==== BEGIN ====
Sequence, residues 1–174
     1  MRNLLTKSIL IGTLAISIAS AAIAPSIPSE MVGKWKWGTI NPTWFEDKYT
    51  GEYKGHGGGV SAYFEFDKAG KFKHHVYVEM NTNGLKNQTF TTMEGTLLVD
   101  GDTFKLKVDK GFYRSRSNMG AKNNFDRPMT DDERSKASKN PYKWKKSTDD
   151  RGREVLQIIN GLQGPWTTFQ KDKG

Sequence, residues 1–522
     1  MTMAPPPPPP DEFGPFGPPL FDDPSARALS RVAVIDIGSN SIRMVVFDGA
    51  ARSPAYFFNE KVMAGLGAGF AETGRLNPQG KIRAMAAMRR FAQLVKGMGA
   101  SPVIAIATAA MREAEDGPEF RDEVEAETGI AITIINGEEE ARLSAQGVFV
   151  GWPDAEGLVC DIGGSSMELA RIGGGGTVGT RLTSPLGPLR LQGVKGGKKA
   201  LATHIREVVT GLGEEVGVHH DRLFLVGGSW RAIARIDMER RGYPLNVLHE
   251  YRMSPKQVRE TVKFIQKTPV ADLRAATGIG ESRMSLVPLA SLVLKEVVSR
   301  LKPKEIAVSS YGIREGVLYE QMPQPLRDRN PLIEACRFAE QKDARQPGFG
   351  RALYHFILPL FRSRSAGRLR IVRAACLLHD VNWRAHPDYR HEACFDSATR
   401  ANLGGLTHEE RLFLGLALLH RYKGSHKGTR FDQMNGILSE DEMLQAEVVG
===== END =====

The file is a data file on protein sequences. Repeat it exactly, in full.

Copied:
Sequence, residues 1–174
     1  MRNLLTKSIL IGTLAISIAS AAIAPSIPSE MVGKWKWGTI NPTWFEDKYT
    51  GEYKGHGGGV SAYFEFDKAG KFKHHVYVEM NTNGLKNQTF TTMEGTLLVD
   101  GDTFKLKVDK GFYRSRSNMG AKNNFDRPMT DDERSKASKN PYKWKKSTDD
   151  RGREVLQIIN GLQGPWTTFQ KDKG

Sequence, residues 1–522
     1  MTMAPPPPPP DEFGPFGPPL FDDPSARALS RVAVIDIGSN SIRMVVFDGA
    51  ARSPAYFFNE KVMAGLGAGF AETGRLNPQG KIRAMAAMRR FAQLVKGMGA
   101  SPVIAIATAA MREAEDGPEF RDEVEAETGI AITIINGEEE ARLSAQGVFV
   151  GWPDAEGLVC DIGGSSMELA RIGGGGTVGT RLTSPLGPLR LQGVKGGKKA
   201  LATHIREVVT GLGEEVGVHH DRLFLVGGSW RAIARIDMER RGYPLNVLHE
   251  YRMSPKQVRE TVKFIQKTPV ADLRAATGIG ESRMSLVPLA SLVLKEVVSR
   301  LKPKEIAVSS YGIREGVLYE QMPQPLRDRN PLIEACRFAE QKDARQPGFG
   351  RALYHFILPL FRSRSAGRLR IVRAACLLHD VNWRAHPDYR HEACFDSATR
   401  ANLGGLTHEE RLFLGLALLH RYKGSHKGTR FDQMNGILSE DEMLQAEVVG